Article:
Apple Vows Clearer Information on Slowed Phones

John Lister's picture

Apple has promised to warn users when a software update could slow down their iPhone or decrease battery life. It follows concerns from a government agency.

The effects of iOS updates on phone performance has long been a controversial topic for Apple. Critics accused it of deliberately limiting the performance of older phones to encourage users to upgrade to newly released handsets, with some even producing what they called "diagnostic evidence."

Apple has always denied this accusation. It says reduced performance such as decreasing battery life may simply be the cumulative effect of iOS updates which become ever more demanding as phone technology advances.

Consumers May Have Upgraded Unnecessarily

That led to more confusion and controversy in 2017 when Apple issued an update that slowed down older phones. That was a deliberate move designed to let the phones run the latest software without suffering a significantly decreased battery life.

The United Kingdom's Competition and Markets Authority (CMA) raised the issue with Apple. It said the move may have violated local consumer laws. (Source:

Critics suggest that Apple hadn't done enough to explain the effects of the update. That may have caused users to assume their phone was faulty and either upgrade to a later model or pay for examination and repairs. The CMA said that may have meant users spent money unnecessarily.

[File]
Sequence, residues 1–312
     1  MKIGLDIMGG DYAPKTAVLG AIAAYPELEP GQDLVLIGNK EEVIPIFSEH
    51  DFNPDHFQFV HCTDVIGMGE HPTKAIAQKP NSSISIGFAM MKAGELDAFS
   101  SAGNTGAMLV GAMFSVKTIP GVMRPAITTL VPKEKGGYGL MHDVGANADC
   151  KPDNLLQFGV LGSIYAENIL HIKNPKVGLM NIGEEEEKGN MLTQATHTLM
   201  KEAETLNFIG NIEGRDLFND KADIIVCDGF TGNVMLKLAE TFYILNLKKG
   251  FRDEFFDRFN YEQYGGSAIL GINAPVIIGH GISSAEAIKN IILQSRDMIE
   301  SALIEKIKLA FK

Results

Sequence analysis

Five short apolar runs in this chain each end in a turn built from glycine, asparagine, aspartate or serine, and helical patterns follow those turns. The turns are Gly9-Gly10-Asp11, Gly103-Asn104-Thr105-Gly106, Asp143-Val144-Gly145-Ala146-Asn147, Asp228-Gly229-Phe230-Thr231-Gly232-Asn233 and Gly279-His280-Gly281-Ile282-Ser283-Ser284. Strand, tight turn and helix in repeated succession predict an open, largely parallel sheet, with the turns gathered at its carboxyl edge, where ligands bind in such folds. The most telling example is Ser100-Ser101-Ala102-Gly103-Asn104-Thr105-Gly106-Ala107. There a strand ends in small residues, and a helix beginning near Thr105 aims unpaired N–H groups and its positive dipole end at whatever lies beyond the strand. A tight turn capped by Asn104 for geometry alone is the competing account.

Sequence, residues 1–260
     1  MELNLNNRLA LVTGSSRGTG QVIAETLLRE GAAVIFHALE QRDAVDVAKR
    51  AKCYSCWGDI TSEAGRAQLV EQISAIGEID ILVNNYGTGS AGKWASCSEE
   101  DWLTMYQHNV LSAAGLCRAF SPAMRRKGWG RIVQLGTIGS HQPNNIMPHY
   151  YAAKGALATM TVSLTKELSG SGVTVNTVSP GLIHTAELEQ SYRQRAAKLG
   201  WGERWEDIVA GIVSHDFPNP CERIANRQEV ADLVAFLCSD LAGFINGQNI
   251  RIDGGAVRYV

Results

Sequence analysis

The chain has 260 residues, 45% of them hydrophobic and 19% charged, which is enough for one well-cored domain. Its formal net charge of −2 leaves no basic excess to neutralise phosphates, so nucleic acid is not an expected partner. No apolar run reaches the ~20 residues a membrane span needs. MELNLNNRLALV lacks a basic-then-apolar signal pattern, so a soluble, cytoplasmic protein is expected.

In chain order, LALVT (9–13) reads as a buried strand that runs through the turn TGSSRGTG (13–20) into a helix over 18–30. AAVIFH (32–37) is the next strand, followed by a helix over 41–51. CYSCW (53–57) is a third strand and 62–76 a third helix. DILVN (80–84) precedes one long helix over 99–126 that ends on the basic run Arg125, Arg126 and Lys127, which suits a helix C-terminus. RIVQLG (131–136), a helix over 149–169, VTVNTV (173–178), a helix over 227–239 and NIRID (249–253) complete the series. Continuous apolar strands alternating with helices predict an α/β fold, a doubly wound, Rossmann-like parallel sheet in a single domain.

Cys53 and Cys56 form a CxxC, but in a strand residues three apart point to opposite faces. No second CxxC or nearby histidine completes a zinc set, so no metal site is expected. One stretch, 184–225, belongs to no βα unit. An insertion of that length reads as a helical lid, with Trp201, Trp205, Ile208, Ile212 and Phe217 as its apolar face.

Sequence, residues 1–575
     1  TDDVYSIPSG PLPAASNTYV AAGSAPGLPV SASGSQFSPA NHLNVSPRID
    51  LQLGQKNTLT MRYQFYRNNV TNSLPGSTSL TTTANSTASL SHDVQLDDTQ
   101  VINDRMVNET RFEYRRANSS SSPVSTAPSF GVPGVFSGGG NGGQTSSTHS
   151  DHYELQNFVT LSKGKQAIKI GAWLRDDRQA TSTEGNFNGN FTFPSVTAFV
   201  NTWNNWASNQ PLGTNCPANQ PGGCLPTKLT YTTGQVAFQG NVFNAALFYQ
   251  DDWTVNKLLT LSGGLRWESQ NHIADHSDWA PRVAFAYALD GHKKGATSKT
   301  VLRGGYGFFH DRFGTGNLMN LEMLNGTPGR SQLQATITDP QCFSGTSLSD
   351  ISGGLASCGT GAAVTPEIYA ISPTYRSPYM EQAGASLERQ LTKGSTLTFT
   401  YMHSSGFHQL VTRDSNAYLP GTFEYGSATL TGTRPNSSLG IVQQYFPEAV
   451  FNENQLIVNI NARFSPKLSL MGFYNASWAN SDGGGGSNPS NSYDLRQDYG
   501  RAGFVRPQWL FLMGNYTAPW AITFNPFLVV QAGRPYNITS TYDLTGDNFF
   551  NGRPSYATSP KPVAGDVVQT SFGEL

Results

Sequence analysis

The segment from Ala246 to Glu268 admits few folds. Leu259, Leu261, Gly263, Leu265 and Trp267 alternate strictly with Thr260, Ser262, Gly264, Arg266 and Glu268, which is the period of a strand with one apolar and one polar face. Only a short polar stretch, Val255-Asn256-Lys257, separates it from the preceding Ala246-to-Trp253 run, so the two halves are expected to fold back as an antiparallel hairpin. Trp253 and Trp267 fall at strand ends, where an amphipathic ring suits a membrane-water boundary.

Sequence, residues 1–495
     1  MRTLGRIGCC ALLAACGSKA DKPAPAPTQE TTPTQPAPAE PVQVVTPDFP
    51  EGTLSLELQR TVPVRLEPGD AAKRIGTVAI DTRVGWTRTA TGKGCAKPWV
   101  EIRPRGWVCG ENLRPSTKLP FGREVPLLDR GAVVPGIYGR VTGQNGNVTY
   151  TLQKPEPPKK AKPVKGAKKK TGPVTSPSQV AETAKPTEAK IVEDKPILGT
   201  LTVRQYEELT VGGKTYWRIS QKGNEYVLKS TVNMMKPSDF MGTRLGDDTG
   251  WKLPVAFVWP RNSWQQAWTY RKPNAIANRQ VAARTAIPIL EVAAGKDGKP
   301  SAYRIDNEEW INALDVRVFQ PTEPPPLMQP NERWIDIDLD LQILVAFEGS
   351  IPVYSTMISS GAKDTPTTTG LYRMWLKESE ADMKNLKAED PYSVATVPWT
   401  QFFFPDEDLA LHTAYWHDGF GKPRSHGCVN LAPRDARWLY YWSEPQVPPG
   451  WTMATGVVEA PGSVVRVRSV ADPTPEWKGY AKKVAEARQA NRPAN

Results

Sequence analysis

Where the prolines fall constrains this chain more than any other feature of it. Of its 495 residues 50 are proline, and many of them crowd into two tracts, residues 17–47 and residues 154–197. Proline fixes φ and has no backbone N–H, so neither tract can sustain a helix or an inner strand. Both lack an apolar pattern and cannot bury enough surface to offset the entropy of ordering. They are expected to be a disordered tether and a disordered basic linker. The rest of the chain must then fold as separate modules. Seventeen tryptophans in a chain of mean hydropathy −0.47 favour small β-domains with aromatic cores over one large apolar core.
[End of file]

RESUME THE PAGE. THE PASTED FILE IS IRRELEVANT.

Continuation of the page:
Battery Health Made Clearer

Apple has now formally agreed with the CMA and will make three changes. It will notify customers when a software update will "materially" affect performance.

It will give clearer details about battery health, including how and why a phone may shut down without warning to prevent permanent damage. It will also give more information about how users can maximize battery life and how to replace batteries if needed.

Under the agreement, Apple will not only make sure its own staff provide any relevant information on this subject to customers, but will "use its best endeavors" to make sure third-party partners such as phone sellers do the same.

Apple had already taken steps in this direction voluntarily. However, the new agreement is legally binding, meaning Apple will face court action if it doesn't live up to the promises. (Source:

What's Your Opinion?

Do phone manufacturers give enough information about how software updates can affect phone performance? Should it be a consumer law issue?

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LouisianaJoe's picture

As Microsoft releases Windows updates, more and more memory is required to run the bloated OS. After a while the PC slows to a crawl, causing users to buy a new PC.

matt_2058's picture

Agreed. I have a Toshiba tablet that I use as an ebook reader. It runs Win8.1 and had run out of space, making it useless because it would start, get sluggish, then soon lock up. Restoring it freed up 20gb of the base 32gb and it runs fine. Ridiculous.